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The Self-Sustaining Function of Sin (Part 3)


[Earl D. Bland, Psy.D., is our blogger for the month of March. Earl is a licensed psychologist, professor of psychology, and Dean of the School of Behavioral Sciences and Counseling at MidAmerica Nazarene University where he teaches undergraduate and graduate students along with coordinating the Spiritual Formation & Counseling emphasis.   In addition, Earl teaches at the Greater Kansas City Psychoanalytic Institute and the Brookhaven Institute for Psychoanalysis and Christian Theology. Earl is the editor (with Brad Strawn) of Christianity and Psychoanalysis: A New Conversation, published by IVP (2014).]

John came to see me in a rather conflicted state, he wanted to talk about how to improve his relationships with his wife, but admittedly did not want to be seeing a psychologist.  As is often the case when the husband of a couple is the first one to call for psychotherapy John’s wife had given him an ultimatum – either get help or get out.  It really wasn’t a subtle suggestion either, after 20 years of marriage she was about done.  The marriage had deteriorated to the point where most interactions were business like and brief – a chilling emotional wariness hung in the air pocked by periodic outbursts of contempt and anger.  The rest of the marriage consisted of tactical avoidance, each choosing to be somewhere else when the other was at home.  Work, family, church, and friends all took up time that allowed each to justify the façade of a functioning Christian couple.  John was loath to leave his wife, not because he particularly liked her, but he did not want the “embarrassment” of a divorce and he was concerned about the impact on his children (both in college) and the financial hit he would take.

In the initial sessions John was careful to portray himself in a positive light.  He was a good provider, a steady presence with his kids and a deeply spiritual man, concerned about following God’s will for his life.  John would talk about how he loved his wife deeply, “I love her even though I don’t always like her.” He wanted to find out how he could be a better husband, despite his “occasional” selfish behavior and tendency to miss things that were important to her like birthdays, etc.  Moments later, however, he would attack her character with complaints about her demandingness and lack of care for him.  He complained that she was ungrateful and flighty; she expected way too much of him and most women would love to have it as good as she did.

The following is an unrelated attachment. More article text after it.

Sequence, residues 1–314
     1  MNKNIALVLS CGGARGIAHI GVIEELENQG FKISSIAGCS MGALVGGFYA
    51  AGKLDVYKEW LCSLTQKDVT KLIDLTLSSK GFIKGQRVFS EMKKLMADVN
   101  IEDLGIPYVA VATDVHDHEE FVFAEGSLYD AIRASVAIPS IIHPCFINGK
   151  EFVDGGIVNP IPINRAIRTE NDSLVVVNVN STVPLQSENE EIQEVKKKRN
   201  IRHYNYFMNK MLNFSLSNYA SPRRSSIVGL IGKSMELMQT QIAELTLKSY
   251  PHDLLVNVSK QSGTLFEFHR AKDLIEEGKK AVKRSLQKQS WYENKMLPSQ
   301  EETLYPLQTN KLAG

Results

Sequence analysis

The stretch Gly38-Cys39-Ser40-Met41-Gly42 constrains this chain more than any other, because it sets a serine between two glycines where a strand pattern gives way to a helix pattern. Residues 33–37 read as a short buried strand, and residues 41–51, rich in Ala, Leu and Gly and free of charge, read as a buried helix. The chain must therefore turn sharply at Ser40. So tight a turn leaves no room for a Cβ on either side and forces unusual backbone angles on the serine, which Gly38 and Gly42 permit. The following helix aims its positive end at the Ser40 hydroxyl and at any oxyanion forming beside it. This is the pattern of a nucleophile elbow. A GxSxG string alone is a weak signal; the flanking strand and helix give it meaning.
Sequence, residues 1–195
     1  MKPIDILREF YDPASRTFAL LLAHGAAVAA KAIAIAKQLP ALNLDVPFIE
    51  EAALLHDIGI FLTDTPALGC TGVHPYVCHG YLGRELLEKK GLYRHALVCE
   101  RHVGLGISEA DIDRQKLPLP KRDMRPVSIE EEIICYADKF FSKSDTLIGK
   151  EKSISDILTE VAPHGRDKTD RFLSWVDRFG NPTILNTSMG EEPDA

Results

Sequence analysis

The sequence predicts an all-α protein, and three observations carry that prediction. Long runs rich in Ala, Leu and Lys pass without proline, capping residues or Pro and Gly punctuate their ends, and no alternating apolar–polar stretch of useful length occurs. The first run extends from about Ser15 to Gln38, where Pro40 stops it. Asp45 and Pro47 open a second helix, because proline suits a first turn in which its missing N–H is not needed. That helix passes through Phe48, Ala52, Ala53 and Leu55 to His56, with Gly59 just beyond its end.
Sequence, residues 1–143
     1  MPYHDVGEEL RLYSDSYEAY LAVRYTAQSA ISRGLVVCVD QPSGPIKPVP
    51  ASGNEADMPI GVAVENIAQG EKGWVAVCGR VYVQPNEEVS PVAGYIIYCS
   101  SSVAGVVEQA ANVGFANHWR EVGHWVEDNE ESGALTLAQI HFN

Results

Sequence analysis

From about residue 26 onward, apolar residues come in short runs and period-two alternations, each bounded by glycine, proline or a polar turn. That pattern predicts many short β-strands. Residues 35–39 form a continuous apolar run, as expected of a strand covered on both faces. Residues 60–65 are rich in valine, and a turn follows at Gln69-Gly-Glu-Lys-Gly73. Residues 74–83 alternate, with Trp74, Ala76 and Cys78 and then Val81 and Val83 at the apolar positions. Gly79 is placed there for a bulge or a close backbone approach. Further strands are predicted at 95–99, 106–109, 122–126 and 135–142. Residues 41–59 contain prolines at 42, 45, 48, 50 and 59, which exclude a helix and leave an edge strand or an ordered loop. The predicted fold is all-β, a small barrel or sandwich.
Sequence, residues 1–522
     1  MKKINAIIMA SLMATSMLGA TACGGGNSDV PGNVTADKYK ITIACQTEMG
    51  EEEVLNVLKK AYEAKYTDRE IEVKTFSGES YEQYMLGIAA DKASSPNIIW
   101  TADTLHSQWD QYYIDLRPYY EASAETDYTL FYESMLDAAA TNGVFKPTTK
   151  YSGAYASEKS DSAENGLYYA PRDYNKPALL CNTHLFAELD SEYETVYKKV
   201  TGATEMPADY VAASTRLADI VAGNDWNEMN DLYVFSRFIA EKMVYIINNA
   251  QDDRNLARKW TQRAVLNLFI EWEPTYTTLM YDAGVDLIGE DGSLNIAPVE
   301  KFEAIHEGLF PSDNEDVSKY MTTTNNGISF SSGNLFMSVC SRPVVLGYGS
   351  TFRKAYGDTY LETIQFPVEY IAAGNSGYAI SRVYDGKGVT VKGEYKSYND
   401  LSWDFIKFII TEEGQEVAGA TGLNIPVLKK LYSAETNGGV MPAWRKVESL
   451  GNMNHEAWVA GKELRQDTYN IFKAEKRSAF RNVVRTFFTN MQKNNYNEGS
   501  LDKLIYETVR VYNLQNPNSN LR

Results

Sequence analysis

I spent several sessions getting to know John, in the initial stage of the work he seemed to just want to dump his feelings for the week. John shared that he was the 3rd of 4 children.  His home life was stable for the most part although he was never able to feel completely himself.  His father was a hard driving Boeing line foreman who had little patience or affection for his children or John’s mother.  He remembers lots of verbal battles growing up followed by days of cold silence.  He tried to stay away from the house as much as possible, admittedly lonely, but unable to stand the tears of his mother, which he judged as evidence of weakness, nor the tyranny of his father, whom he both despised and admired.  John decided early on that he could only count on himself; emotional needs for affection, connection, or dependence were unacknowledged and sealed away.

As we talked it became evident that John wasn’t really interested in solutions to help smooth out his marriage.  He would occasionally ask me directly for my opinion, and before I could respond he would come up with his own answer, usually one that consisted of his wife needing to be more submissive or him needing to show more leadership in the home.  John appreciated it when I empathized with the difficulty he experienced in his marriage and wondered why his wife couldn’t understand him.  However, he would quickly become silent or mocking if I empathized with any emotions that signaled weakness, and he had difficulty receiving feedback from me, especially if it differed from what he felt was right.  I started to feel that if I didn’t say things that mirrored John exactly he would get angry and at times he would belittle our work together. He would chastise my talk of feelings as evidence of psychobabble, get defensive if I ever sympathized with his wife’s perspective, and questioned my Christianity if I happened to have a different perspective on any number of value issues.

As we continued to work together I began to solidify two reactions to John.  On the one had I enjoyed him immensely, he was engaging and bright, on the other hand I felt increasingly hemmed in.  I felt if I didn’t say exactly what he wanted me to say in regards to his life and marriage I would be criticized or ignored.  I was beginning to feel just like his wife, I liked John, but not sure I wanted to continue seeing him.  Further, I started to identify with a distant part of John, the young boy who just wanted freedom to be himself.  I wanted to share what I thought without fear of retribution.  Moreover, I could sense feelings of anger, sometimes I wanted to avoid my sessions with John and it was becoming harder to tolerate his criticism of his wife without becoming silent and the desire to confront his selfish judgmentalism.

In psychoanalytic terms this is often referred to as a type of enactment, the client and the therapist begin to repeat, often unconsciously, scenes and relational patterns that recapitulate the client’s life or past.  In next week’s blog I will share how this relates to our notion of self-sustaining sin and treatment strategies that allow for a shift in relating.


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